Wednesday, October 29, 2014

The New Yorker style guide – leaked

Got my hands on a copy of the New Yorker style guide, a top secret document whose arcane mysteries have baffled all but a very select few. The New Yorker has the greatest copyediting (subediting) department in the known universe. These are their sacred texts. Be careful reading, there's no guarantee you won't end up like the Nazis at the end of Raiders of the Lost Ark.

General notes
In general, for style, grammar and spelling guidance, imagine it's 1823.

Write coöperate with a diaeresis over the 2nd o. This shows there's a hyphen missing. No, I don't know why we don't just have a hyphen. If we didn't have the dots, people might think we didn't know how to spell cuperate.

cuperate There's no such word as cuperate.

Turns out the diaeresis in coöperate comes from Afrikaans. And New York used to be called New Amsterdam, OK?

I was talking about the Dutch. Keep up. And it's not from Afrikaans, it's a pronunciation guide mark.

With pronunciation guide mark. It's easy to spot the élite, as they are the type of person who write it like that.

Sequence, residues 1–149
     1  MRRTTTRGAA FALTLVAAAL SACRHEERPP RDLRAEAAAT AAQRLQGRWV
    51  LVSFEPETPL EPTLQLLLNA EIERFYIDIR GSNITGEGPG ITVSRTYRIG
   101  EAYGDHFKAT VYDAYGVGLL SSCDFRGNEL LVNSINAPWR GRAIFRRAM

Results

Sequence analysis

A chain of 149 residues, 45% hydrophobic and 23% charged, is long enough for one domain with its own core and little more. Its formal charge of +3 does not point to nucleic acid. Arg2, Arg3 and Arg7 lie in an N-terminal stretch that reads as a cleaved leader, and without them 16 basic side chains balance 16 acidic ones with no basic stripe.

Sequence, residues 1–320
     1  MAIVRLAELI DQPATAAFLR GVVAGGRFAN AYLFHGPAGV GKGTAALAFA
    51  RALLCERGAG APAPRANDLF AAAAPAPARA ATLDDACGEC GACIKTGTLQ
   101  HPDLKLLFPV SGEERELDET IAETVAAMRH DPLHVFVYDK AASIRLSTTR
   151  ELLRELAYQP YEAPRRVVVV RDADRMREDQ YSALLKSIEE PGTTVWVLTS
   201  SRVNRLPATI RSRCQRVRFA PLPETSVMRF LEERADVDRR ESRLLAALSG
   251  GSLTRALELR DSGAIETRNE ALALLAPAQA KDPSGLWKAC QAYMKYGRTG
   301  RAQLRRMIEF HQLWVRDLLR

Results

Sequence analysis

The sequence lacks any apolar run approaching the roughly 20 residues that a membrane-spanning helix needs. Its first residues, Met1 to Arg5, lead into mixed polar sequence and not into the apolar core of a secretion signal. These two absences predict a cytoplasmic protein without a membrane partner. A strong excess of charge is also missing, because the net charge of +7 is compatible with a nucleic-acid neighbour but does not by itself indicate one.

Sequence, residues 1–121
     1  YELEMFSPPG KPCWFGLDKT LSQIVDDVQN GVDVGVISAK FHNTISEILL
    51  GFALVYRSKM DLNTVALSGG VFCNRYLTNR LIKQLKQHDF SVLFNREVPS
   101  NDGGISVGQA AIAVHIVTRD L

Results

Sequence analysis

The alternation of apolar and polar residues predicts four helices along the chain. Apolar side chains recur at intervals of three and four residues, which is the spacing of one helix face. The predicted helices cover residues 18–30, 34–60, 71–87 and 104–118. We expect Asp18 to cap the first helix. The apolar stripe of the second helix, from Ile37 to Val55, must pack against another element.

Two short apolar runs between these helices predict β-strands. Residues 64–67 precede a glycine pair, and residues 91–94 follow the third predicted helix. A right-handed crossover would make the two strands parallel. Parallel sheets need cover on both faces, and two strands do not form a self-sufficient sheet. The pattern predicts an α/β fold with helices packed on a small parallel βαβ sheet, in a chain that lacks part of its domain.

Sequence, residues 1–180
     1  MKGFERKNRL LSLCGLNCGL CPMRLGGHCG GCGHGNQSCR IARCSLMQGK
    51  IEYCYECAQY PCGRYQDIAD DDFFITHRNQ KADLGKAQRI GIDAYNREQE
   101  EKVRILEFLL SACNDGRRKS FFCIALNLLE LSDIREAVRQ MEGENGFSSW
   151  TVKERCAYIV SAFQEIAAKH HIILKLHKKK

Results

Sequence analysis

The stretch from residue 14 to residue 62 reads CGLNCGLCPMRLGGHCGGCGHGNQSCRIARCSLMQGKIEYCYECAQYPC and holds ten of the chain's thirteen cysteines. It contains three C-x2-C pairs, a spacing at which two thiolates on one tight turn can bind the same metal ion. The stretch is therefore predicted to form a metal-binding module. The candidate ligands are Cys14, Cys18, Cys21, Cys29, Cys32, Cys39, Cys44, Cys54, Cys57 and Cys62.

No pronunciation guide marks.

Internet Cap up. Because someone's got to. Also, just because we have given up and admitted the web exists, doesn't mean we won't stick a banner on the site that obscures four lines of text.

Write out all numbers in full. And then add some more letters. Yes, even dates. OK, not dates, but THAT'S IT FOR SLACKING. However, whenever you write a year in figures, add a couple of commas. As a sort of consolation.

Have you ever noticed that pronunciation isn't pronunciated the way it's written?

All punctuation goes inside quote marks, even if it's from a different sentence.

We must never, ever forget that these are two separate words

Words such as traveller and focussed have double consonants. Sometimes this is because that's how they are spelled.

writing to length If an article is going fine, and saying everything it needs to say and looks great, add 10,000 words to it.